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Hands Down(3)
Author: Mariana Zapata

Zac Travis, who had been the starting quarterback of the National Football Organization’s Oklahoma Thunderbirds? The one the TV anchors had literally just been talking about? The man whose life I’d saved when we were kids?

Seriously, what the hell were the chances?

“Please, B. I wouldn’t ask if I didn’t have to.”

Of course I knew that. Boogie rarely asked for anything. So, of course, of freaking course, when he did it would be something like this.

“But he’s not picking up, and I’ve been blowing him up for the last hour. His mom’s been trying to call him too and nada,” my cousin rattled on, stress and worry hanging on his every syllable.

He’d used the same voice back when Mamá Lupe had been sick. But this was different.

My cousin wanted me to go tell his best friend that his grandfather was in the hospital because said best friend wasn’t answering his phone.

It was that simple, and it made a whole lot of sense.

In a way, it was nothing.

My cousin wanted me to go tell his best friend, who I had known almost my entire life, who had loved me and treated me like a little sister once upon a time, that there was something going on with his grandpa because he wasn’t answering his phone. Because he needed to know. Of course he did. Of course he should.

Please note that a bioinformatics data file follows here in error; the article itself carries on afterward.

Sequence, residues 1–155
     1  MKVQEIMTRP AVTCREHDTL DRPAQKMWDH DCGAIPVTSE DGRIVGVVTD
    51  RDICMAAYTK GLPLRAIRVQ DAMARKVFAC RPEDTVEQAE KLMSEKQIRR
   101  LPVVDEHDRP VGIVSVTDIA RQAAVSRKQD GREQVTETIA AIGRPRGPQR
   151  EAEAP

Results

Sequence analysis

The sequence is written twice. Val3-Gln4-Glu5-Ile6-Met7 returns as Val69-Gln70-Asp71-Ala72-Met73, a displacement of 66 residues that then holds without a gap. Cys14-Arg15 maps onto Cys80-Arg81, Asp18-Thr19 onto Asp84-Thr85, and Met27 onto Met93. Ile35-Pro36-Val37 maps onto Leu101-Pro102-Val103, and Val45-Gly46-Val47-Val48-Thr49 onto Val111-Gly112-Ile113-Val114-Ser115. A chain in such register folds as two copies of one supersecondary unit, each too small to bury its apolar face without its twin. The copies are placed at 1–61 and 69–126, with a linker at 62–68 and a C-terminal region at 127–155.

There was no reason for me to say no. No real reason for me to even hesitate. So we hadn’t seen or spoken to each other in almost ten years; it wasn’t like that had happened because we’d gotten into a fight or because I’d done something dumb to make things weird.

Nope. There was no real reason.

Just me being a coward.

And him… well, it didn’t matter anymore.

“Bianca?”

“I’m here,” I replied, looking at myself in the reflection of the long mirror that took up the majority of the wall directly in front of the front desk and juice bar where I stood all day. Even with my hair down, I could see the bags under my eyes from all the way over here. I’d stayed up too late watching this Turkish romance online last night, and it had been totally worth it. It wasn’t like the gym members hadn’t seen me at work on three or four hours of sleep on a regular basis.

But….